The Seattle Mariners offered R.A. Dickey potentially better money than any other team in 2009, but the greater opportunity to pitch in the big leagues was more important.
That’s why Dickey, the knuckleball pitcher who spent most of this year with the Mariners, decided today to sign with the Minnesota Twins.
Dickey agreed to a split minor-major league contract — meaning he’ll get one level of pay while he’s in the major leagues, another for the time he’d be in the minors — which is little different than what the Mariners offered. The Twins, however, seemed more certain that he would fill an important role on their team.
“Seattle could have been more money, but the Twins felt like I could have a place on their roster right away,” Dickey said.
He also had an offer from the New York Mets, along with significant interest from the Milwaukee Brewers. The Twins, however, have openings in their bullpen and pursued Dickey almost from the time the Mariners made him a free agent early this month by not offering arbitration. The Mariners, whose bullpen also is unsettled, couldn’t be so sure about his chances to make the team.
“It’s not that there wasn’t opportunity in Seattle,” Dickey said. “But I feel like there’s more opportunity in Minnesota for me, which is all based on the way they pursued me and how hard they pursued me. They were very forthright about where they thought I would fit in.”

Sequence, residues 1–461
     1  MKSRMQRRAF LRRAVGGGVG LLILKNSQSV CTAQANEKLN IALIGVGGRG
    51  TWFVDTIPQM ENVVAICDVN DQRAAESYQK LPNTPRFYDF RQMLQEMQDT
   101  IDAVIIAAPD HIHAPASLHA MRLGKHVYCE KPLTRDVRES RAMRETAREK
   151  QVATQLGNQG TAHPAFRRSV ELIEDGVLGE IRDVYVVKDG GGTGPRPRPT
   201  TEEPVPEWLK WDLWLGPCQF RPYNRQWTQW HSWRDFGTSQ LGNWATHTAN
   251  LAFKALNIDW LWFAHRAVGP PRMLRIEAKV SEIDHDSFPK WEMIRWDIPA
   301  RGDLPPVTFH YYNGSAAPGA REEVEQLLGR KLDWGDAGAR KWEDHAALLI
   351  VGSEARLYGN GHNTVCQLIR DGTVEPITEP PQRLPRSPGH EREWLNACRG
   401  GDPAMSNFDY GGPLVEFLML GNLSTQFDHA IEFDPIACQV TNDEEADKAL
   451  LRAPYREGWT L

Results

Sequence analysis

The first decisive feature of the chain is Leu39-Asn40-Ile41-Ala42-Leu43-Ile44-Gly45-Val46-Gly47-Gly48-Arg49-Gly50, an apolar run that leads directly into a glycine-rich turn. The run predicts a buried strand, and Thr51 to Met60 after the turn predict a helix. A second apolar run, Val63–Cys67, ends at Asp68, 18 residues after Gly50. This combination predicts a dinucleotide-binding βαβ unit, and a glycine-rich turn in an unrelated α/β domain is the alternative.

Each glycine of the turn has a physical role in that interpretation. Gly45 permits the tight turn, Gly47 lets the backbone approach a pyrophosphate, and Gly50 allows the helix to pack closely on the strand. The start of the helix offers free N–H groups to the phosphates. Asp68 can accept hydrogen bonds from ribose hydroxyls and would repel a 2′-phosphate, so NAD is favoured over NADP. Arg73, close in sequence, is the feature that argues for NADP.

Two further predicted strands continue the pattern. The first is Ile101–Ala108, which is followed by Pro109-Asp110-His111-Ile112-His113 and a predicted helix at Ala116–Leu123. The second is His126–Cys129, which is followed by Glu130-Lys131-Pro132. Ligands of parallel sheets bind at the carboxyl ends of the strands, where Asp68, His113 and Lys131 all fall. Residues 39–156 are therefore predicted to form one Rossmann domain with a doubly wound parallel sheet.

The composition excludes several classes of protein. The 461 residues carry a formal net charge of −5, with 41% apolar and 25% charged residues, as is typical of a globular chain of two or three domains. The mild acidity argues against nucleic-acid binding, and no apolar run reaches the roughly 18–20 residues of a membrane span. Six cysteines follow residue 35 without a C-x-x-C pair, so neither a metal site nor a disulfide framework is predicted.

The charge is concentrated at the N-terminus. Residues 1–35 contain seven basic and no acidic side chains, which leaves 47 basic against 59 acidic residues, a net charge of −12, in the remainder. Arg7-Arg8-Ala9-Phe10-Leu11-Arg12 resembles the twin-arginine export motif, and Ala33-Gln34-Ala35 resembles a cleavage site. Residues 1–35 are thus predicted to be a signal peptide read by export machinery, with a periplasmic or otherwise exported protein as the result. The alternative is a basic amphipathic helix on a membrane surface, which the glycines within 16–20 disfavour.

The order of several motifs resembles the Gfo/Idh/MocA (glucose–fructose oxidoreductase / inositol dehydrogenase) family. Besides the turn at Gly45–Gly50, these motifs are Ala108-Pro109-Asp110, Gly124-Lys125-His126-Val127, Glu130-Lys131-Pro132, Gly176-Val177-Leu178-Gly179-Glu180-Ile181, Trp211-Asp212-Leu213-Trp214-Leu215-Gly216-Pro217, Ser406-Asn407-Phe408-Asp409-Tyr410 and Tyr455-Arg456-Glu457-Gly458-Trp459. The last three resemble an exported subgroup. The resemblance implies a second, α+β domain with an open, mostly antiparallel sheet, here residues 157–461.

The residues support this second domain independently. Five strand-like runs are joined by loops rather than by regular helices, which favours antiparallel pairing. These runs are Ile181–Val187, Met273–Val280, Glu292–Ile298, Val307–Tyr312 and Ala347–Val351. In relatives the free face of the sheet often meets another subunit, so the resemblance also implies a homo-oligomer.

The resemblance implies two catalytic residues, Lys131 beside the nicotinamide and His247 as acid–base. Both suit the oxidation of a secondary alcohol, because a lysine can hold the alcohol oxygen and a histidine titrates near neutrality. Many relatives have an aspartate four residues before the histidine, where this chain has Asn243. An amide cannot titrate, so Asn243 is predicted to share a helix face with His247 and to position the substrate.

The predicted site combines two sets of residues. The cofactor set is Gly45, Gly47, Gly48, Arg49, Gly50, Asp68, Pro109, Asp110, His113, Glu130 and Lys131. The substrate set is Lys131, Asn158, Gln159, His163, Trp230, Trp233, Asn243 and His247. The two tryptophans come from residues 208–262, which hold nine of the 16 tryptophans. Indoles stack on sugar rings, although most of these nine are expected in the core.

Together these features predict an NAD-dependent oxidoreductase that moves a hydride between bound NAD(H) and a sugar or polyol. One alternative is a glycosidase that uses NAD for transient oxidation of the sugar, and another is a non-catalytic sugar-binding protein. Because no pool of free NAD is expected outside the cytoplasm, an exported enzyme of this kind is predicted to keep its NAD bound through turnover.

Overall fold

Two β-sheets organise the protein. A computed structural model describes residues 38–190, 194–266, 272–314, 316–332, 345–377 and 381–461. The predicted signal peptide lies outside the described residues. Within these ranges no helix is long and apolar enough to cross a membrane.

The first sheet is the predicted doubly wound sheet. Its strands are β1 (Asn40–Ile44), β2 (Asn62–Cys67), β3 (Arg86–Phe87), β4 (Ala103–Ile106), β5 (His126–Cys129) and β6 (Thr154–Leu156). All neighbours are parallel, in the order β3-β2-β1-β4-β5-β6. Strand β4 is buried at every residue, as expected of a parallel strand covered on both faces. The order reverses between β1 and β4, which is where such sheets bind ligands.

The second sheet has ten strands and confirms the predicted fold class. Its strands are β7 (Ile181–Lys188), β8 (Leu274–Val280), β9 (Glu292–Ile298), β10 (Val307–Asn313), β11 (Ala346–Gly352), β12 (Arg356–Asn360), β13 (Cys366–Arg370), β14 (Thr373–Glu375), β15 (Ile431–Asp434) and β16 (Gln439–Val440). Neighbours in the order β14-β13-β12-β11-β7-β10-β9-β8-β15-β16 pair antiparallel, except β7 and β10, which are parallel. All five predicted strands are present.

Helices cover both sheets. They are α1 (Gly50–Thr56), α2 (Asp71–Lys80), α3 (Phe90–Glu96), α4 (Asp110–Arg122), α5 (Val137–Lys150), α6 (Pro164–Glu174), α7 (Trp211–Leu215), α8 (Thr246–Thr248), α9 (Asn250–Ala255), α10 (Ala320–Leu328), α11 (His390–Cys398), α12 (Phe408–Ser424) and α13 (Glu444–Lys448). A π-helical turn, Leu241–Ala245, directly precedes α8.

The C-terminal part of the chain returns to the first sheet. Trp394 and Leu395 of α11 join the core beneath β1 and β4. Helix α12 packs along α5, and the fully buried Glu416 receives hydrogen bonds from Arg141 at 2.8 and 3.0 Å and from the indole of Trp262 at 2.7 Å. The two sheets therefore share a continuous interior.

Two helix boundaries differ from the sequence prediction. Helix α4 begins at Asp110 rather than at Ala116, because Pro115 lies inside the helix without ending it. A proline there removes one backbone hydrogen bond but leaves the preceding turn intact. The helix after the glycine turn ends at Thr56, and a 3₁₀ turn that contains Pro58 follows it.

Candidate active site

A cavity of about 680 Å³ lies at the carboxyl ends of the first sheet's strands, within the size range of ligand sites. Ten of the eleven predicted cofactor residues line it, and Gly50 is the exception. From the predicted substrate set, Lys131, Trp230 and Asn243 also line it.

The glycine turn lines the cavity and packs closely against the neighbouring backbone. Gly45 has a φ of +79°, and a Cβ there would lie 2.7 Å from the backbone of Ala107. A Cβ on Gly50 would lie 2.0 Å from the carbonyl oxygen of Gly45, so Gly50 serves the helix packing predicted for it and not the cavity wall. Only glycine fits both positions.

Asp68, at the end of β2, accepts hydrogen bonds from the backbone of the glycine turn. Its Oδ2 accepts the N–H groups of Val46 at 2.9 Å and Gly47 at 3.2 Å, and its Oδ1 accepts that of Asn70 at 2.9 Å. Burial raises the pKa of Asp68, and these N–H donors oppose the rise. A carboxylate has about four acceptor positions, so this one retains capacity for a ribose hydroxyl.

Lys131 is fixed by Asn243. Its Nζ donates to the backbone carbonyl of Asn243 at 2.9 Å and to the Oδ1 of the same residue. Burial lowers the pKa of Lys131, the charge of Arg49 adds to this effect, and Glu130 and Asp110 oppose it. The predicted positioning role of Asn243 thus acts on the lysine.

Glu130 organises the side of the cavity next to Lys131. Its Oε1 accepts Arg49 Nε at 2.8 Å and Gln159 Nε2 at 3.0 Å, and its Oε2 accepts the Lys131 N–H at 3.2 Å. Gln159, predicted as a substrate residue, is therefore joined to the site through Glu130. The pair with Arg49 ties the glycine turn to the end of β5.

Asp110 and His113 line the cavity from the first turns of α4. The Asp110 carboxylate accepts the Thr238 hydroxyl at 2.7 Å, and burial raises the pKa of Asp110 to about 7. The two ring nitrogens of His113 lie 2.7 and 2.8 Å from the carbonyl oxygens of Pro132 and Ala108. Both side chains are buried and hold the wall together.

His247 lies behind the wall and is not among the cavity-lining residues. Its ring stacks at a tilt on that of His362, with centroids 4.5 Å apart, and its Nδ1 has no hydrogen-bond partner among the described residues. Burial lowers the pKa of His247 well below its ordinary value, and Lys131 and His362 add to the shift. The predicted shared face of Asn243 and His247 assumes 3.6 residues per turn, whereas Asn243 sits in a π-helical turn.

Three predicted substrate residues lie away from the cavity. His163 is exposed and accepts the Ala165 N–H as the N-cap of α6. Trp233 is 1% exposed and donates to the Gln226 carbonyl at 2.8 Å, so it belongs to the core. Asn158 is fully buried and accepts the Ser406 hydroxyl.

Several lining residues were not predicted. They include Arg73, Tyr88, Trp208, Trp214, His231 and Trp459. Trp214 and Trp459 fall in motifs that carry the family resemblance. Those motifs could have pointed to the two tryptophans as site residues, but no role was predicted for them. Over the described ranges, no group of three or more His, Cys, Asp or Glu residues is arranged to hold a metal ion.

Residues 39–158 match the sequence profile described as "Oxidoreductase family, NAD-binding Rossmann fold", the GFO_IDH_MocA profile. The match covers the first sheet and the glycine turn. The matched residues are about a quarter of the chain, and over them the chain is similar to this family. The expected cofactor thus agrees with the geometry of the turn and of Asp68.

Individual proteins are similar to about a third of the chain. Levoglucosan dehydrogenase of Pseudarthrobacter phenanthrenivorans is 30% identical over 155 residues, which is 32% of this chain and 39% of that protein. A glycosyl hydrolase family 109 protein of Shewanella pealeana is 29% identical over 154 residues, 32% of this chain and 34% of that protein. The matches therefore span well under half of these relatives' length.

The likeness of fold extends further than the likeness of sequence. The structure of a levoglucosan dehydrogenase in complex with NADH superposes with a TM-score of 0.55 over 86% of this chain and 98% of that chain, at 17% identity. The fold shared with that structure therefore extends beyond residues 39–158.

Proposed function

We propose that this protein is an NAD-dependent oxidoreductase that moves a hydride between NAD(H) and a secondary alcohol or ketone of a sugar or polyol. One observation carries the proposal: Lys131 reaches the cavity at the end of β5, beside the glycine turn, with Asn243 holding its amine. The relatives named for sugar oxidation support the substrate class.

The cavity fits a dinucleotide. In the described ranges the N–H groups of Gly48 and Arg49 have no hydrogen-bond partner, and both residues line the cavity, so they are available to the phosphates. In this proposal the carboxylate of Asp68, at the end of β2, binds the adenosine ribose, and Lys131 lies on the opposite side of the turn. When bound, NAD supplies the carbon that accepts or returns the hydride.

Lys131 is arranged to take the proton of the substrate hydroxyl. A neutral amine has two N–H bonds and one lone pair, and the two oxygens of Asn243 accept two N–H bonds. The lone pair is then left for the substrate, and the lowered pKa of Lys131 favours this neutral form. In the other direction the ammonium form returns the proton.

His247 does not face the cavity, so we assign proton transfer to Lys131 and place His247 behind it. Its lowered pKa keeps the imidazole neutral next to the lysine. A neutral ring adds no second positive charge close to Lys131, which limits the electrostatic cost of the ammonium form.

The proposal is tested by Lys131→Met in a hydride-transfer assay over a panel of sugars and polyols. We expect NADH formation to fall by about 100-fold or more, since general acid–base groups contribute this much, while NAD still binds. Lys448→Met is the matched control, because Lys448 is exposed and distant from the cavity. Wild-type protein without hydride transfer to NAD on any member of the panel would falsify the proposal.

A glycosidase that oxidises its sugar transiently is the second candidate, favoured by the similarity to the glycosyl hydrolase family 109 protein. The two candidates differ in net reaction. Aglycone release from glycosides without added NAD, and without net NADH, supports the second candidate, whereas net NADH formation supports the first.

Dickey would have been a nice piece in the Mariners’ pen. He went 5-8 with a 5.21 ERA this year, but was 2-0, 2.00 in 18 relief appearances. The Twins were more smitten by those numbers than the Mariners and apparently more sure about Dickey’s place on their team.
Mariners general manager Jack Zduriencik said there’s of time to sort through the options for long relief, along with other spots in the bullpen. He, new manager Don Wakamatsu and the coaches still need to meet and discuss the makeup of the roster.
“As I said to (Dickey), until Don and I and his staff get together and discuss this thing in detail, there are a lot of options,” Zduriencik said. “Him coming on board would have been another option.
“We’d like to have had him back and it would have been nice to give him a chance to compete for a position on the club. If that didn’t work out, then he would head to Triple-A as a guy who could come up.”